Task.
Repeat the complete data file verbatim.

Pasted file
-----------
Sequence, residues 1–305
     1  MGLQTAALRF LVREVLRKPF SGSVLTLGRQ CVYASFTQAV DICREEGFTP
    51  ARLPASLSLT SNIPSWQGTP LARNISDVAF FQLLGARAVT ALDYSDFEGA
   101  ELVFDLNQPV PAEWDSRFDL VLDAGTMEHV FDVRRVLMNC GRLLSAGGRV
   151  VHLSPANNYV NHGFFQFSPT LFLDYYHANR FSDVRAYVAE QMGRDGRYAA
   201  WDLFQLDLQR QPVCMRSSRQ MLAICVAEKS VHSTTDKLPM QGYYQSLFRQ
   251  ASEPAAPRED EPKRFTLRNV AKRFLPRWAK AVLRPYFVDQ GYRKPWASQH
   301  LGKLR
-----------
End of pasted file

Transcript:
Sequence, residues 1–305
     1  MGLQTAALRF LVREVLRKPF SGSVLTLGRQ CVYASFTQAV DICREEGFTP
    51  ARLPASLSLT SNIPSWQGTP LARNISDVAF FQLLGARAVT ALDYSDFEGA
   101  ELVFDLNQPV PAEWDSRFDL VLDAGTMEHV FDVRRVLMNC GRLLSAGGRV
   151  VHLSPANNYV NHGFFQFSPT LFLDYYHANR FSDVRAYVAE QMGRDGRYAA
   201  WDLFQLDLQR QPVCMRSSRQ MLAICVAEKS VHSTTDKLPM QGYYQSLFRQ
   251  ASEPAAPRED EPKRFTLRNV AKRFLPRWAK AVLRPYFVDQ GYRKPWASQH
   301  LGKLR